Jersey is a low-tax haven used by many firms and individuals to escape national tax authorities elsewhereReuters

Jersey and Bermuda will be removed from a French blacklist of tax havens that would not co-operate with information sharing.

France blacklists any tax jurisdictions that it believes are uncooperative in the country's attempts to crack down on evasion by firms and individuals. Those on the list face additional taxation on capital moving between them and France.

"Bermuda and Jersey have satisfied to date all requests for information from France, allowing them to avoid reprisals under the law," said France's finance ministry.

Finance Minister Pierre Moscovici and Budget Minister Bernard Cazeneuve wrote to the French parliament to inform it of plans to remove Jersey and Bermuda from the blacklist in the New Year.

Countries across the world are trying to tackle tax avoidance and evasion as governments battle with tough austerity programmes of tax rises and spending cuts to balance public budgets in the aftermath of the financial crisis.

At a meeting in Lough Erne, Northern Ireland, leaders of the G8 agreed to a declaration of principles on tackling tax dodgers, including greater transparency on companies' beneficial ownership and more information sharing between national tax authorities.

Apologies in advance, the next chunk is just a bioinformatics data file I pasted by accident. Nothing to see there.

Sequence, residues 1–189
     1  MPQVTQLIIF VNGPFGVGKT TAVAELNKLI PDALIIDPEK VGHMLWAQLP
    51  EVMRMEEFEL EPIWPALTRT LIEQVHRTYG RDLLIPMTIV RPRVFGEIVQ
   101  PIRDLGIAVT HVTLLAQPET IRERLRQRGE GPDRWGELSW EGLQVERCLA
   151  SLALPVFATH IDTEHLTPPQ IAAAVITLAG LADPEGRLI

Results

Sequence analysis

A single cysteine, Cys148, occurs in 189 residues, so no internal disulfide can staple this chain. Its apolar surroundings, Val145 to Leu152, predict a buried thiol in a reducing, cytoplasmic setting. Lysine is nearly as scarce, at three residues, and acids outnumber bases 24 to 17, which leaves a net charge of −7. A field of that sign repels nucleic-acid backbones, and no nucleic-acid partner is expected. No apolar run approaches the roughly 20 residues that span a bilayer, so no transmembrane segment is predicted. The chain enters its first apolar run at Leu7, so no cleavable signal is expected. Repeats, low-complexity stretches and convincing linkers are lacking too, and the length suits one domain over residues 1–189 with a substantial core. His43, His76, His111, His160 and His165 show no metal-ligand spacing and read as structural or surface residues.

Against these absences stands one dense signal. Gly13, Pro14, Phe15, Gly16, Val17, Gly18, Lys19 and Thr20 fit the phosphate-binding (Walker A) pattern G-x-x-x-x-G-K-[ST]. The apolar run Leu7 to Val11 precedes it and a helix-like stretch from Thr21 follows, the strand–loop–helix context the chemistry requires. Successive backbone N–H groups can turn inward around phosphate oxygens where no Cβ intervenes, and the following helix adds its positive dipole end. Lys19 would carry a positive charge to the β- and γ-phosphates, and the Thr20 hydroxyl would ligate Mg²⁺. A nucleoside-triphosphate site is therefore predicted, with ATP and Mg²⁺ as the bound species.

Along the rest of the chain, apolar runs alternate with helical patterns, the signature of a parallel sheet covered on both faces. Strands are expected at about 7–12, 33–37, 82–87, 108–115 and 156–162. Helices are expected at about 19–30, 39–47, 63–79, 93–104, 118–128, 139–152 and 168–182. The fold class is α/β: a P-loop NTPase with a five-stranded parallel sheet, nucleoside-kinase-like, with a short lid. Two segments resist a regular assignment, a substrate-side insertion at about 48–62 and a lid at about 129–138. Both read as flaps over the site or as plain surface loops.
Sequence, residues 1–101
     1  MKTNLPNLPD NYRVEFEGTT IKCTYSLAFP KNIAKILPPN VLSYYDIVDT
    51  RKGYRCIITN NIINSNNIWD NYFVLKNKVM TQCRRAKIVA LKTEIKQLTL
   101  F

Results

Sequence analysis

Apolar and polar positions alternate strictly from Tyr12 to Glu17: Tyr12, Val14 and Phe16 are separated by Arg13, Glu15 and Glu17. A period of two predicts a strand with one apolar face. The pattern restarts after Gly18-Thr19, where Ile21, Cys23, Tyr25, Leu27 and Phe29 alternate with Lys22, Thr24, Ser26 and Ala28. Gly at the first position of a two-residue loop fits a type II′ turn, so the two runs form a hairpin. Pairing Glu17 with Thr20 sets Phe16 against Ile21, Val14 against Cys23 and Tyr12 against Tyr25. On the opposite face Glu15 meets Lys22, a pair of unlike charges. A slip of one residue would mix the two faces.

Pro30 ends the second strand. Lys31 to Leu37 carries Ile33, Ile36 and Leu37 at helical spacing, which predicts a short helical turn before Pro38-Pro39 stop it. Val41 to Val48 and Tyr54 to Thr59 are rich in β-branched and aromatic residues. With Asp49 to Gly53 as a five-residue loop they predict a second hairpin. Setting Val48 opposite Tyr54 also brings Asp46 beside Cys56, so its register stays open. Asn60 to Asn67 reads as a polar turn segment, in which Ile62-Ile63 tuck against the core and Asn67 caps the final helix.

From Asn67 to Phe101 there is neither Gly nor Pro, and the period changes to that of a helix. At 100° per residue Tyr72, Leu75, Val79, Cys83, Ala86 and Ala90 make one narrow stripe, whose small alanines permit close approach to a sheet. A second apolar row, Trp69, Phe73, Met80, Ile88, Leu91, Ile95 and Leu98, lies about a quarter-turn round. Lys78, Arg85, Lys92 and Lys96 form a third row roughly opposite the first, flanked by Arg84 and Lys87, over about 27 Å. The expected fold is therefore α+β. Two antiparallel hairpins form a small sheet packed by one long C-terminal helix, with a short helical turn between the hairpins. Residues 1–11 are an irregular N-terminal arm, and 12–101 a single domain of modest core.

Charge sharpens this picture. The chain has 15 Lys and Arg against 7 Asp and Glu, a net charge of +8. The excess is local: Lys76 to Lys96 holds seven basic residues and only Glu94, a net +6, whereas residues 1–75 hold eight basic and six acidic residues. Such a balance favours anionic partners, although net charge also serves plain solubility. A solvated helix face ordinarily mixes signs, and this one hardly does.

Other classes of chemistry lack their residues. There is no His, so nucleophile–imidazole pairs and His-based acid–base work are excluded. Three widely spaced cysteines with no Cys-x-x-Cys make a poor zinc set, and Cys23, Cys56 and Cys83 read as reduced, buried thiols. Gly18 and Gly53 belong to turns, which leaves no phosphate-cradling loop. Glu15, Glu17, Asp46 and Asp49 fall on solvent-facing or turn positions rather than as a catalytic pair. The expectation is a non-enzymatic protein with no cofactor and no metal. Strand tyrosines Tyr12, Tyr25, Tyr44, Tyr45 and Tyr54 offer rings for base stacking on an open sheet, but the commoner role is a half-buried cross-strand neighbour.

In July, the Organisation for Economic Co-operation and Development (OECD) released an action plan on how to tackle the abuse of double-taxation laws, there to prevent firms being taxed twice in different jurisdictions but which are used by some to avoid paying anything anywhere.

It looked at "base erosion and profit shifting" in particular, where firms "shift profits across borders to take advantage of tax rates that are lower than in the country where the profit is made."

The OECD called for greater information sharing between countries and forcing firms across all jurisdictions to declare where they pay tax and how much is handed over, to ensure money is paid to authorities where sales are generated.